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| Discussion|| |
Usually, the dental clinician can deal with the patient with diabetes in a way that is reliable with managing a nondiabetic individual. Therefore, patient recruitments in this study included type 1 and 2 DM participants with periodontal disease. Regarding patients’ gender, no association was observed between gender and patients’ glucose level change. This was in accordance with a previous study by Bakhshandeh et al., in which no gender difference was observed in the oral health indices in patients with diabetes. Smokers and nonsmokers do not appear to influence glucose levels in patients with diabetes., Similarly, in this study it was observed that most of the patients were nonsmokers; however, smoking as a variable was not found to be associated with glucose level change.
The short-term effect of periodontitis on diabetes status was not previously considered. Therefore, the association between the short-term effect of blood glucose level change and nonsurgical periodontal treatment was considered in the current study instead of the long-term (one to three months) follow-up after an intervention.
The periodontal condition of patients with diabetes supports the necessity to create a complete oral health advancement program for patients with diabetes. Scaling as a nonsurgical periodontal therapy is considered an important part of the treatment of periodontal disease. In 1982, the CPITN was proposed and it was a rapidly accepted instrument that provided the scientific community with a huge amount of epidemiological data.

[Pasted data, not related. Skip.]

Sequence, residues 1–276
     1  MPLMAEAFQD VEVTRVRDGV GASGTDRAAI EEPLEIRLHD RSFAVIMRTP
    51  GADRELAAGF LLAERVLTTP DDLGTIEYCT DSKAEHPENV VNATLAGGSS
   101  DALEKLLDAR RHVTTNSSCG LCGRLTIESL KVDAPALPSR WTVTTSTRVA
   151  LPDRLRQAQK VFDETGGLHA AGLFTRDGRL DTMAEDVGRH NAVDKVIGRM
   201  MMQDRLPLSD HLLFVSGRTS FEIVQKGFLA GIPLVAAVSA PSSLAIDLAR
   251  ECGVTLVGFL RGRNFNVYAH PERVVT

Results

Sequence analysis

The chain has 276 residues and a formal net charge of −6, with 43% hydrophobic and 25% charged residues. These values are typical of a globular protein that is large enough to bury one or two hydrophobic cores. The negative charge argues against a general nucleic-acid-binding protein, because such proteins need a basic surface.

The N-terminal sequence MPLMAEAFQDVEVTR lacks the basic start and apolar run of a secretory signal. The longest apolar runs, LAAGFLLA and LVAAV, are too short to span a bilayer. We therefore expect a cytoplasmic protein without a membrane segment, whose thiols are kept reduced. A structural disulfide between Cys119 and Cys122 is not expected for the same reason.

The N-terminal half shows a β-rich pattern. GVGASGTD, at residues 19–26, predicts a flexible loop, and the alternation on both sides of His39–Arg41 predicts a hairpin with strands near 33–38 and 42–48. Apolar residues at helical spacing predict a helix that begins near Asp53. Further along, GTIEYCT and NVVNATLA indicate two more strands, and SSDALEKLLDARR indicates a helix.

Despite the different scaling techniques utilized in this study, results showed reduced blood glucose levels after treatment for both groups. This could be explained due to a better patient’s perception of the treatment offered, as there is a correlation between anxiety and patients with DM., Anxiety as an emotional factor needs to be addressed in patients with DM for a better quality of life. It is generally perceived that stress may have a negative effect on the health of patients with DM and especially on type 2 DM. The experience of stress is related to the release of counterregulatory hormones and energy mobilization, which frequently result in increased blood glucose levels., Moreover, the improvement of blood glucose levels was found to be significantly associated with stress management in patients with type 2 DM.